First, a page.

by Mai Thor, board member of The Youth Legacy Foundation, disability advocate, writer
If I had to do it all again, I think I would change just one thing from my days as a youth with a disability: not having an adult with a disability to mentor me. I acquired polio when I was five years old and have basically used a manual wheelchair from that point on. I suppose to many people, perhaps especially non-disabled individuals, the expectation is that my childhood was really tough and challenging with a disability. That while all my friends went off to play on the weekends, I sat at home and got left behind. Well, that wasn’t the case. I remember having lots of fun with friends, sleep overs, going out—all the typical things that all young people do. My childhood is not a sob story due to my disability.
That’s not to say, however, that I didn’t know and recognize the fact that I was different. Despite always having friends around me who treated me the same as anyone else, I always knew that I was the one who used the wheelchair, and they were not. My disability came with a certain set of growing pains that other youth never experience who are not disabled. Being young is challenging enough, but to add all the oddities one feels from disability is sometimes overwhelming. At times, I felt very inadequate, outcasted and even lonely. Most of my friends had their parents, a teacher, or perhaps a coach to help them along the way during their youth phases. Of course, I had the same as well, but again, a certain set of my experiences were so different that most of the adults in my life at the time could not provide the right words or the encouragement I needed. What would have been wonderful is if I had someone in my life who was a disabled adult to help me along during those years. Someone who clearly had a disability, such as myself, yet was able to get through their formative years as a youth as well, and became a successful adult with a disability. Someone who went through it all and survived and could pass along a few words of encouragement to let me know that I, too, would be okay.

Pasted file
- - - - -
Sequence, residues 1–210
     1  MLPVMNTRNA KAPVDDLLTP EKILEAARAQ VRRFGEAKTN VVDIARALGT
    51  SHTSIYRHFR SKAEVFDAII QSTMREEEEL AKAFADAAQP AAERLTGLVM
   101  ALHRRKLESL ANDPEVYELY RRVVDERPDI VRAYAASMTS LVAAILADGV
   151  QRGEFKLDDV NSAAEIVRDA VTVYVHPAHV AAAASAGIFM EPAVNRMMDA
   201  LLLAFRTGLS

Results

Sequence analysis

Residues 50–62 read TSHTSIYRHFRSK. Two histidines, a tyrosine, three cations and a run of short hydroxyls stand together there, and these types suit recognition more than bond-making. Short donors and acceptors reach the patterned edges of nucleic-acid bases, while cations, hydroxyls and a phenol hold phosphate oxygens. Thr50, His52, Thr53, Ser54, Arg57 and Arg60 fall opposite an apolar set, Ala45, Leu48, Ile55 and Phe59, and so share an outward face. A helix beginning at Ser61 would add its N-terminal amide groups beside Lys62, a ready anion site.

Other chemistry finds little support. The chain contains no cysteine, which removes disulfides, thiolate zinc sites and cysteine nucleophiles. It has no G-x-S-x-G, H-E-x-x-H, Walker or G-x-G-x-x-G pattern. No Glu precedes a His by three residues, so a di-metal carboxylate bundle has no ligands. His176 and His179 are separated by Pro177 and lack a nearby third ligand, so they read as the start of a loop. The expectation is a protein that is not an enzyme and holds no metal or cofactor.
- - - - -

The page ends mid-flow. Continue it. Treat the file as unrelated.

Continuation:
Growing up in the 80′s and 90′s as a young person with a disability did bring on some difficult moments, especially since the ADA didn’t show up until high school. I remember a time when I wanted to enroll in a certain public school as I entered my freshman year, but was denied because there were no elevators. It’s not likely that a situation like that would happen today. I think back on my youth in Indianapolis and wonder how different the experience would have been if there had been someone in my life who had gone through some of those same tough times to provide support and emotional guidance.
For this reason, I am honored to be a part of the board of The Youth Legacy Foundation. I can’t do much about my own youth now (since I am thirty-five!), but I can do something about youth with disabilities of today. I cherish the memories from my youth, despite those challenges—I did have a lot of fun. It’s a time in an individual’s life that holds a special place. I hope that I can keep those memories positive for youth with disabilities in my role with YLF by matching young people up with opportunities and mentors that can enrich their lives. I wish to provide youth with disabilities the chance to look back when they are adults to say that they found something special through YLF, some words of encouragement and support that helped make the journey a little easier.